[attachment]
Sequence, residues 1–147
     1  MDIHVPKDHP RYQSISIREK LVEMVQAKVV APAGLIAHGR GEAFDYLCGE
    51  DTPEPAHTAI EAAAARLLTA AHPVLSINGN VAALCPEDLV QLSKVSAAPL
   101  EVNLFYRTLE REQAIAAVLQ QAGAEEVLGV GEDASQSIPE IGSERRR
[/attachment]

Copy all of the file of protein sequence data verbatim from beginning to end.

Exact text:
Sequence, residues 1–147
     1  MDIHVPKDHP RYQSISIREK LVEMVQAKVV APAGLIAHGR GEAFDYLCGE
    51  DTPEPAHTAI EAAAARLLTA AHPVLSINGN VAALCPEDLV QLSKVSAAPL
   101  EVNLFYRTLE REQAIAAVLQ QAGAEEVLGV GEDASQSIPE IGSERRR